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I Need Help with Alif ا

Alif is really confusing me. It seems to have arbitrary and sporadic transliterations. The most common one I see is "aa" which sounds like A as in Late, but I also hear it translated as "ah" like a as in "yawn".

Are there rules for when it sounds like "ā" and when it sounds like "ah"? If so, what are these rules?

August 6, 2019


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To start with, the speech machine provided for the Arabic course here is not good. So, I wouldn't be surprised if there were mistakes indeed in saying some words or vowels.
Alif can be used in both ways, either as a consonant (glottal stop) or as a long vowel (á). I might need to see a real word in front of me to tell how it should sound. Anyhow, hopefully these tips would help:
1. Alif without Hamza (ء) on it or under it, at the beginning of the word, as the case with الـ is sometimes called Hamzat Wassl (همزة وصل, Hamza of connection), ironically though there is no Hamza on it. This kind of Alif is approximated to a Schwa. It has a short length and gives way to the preceding vowel (if there is any) to take over (and hence you would hear two words connected together, e.g. the man's house منزلُ الرّجل manzilu-rrajul).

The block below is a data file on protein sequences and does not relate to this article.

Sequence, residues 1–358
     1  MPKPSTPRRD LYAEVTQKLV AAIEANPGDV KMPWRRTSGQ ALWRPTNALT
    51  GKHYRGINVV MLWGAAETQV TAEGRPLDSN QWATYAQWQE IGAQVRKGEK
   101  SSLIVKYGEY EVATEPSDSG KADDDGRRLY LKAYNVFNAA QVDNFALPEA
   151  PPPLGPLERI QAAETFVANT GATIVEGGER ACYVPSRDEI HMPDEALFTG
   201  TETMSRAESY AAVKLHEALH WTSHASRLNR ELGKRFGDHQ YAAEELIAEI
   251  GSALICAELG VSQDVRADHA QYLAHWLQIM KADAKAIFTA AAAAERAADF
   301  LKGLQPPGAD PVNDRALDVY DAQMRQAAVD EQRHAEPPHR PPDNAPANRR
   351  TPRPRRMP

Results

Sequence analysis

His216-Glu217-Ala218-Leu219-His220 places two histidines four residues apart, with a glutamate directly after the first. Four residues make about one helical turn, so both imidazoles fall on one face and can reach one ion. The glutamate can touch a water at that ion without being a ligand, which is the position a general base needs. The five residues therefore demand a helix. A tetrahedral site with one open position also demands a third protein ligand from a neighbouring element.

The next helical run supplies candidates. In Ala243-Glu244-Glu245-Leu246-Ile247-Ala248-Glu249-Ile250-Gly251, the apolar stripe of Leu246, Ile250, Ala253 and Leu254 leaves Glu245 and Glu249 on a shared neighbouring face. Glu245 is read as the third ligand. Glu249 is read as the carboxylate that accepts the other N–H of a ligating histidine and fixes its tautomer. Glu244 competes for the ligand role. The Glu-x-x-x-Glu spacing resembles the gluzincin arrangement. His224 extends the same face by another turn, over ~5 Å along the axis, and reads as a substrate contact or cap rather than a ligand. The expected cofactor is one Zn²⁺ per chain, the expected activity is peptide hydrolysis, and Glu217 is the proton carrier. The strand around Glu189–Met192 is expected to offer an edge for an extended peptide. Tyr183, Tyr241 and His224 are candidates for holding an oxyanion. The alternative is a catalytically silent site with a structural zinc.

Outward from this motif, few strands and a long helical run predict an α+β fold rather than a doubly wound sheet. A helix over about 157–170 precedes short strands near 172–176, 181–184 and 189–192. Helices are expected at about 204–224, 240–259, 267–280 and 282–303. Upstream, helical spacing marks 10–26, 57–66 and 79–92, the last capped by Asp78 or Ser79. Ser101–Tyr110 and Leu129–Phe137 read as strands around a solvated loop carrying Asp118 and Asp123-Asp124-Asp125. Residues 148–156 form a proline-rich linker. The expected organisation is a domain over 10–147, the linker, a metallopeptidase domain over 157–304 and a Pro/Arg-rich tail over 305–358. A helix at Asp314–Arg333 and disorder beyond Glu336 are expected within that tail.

2. Alif with Hamza under it or on top of it (إ أ) is always a glottal stop "a" (even at the middle of the word). If the Hamza is on top then it is (A) if the Hamza is under then it is (I).
3. Sometimes, you might see a special kind of Hamza, called Hamzat Mad (lengthening Hamza) which is like آ and this is like a glottal stop followed by a long vowel "A" so anyway it does not differ much from (á) when its in the beginning of the word, but when it comes in the middle of the word, the glottal stop must be apparent (e.g. Al-2aan الآن meaning Now).

Hope these tips help. And if there is any particular word you are wondering about I might help with it if you can post it here :)


I see. Thank you :)

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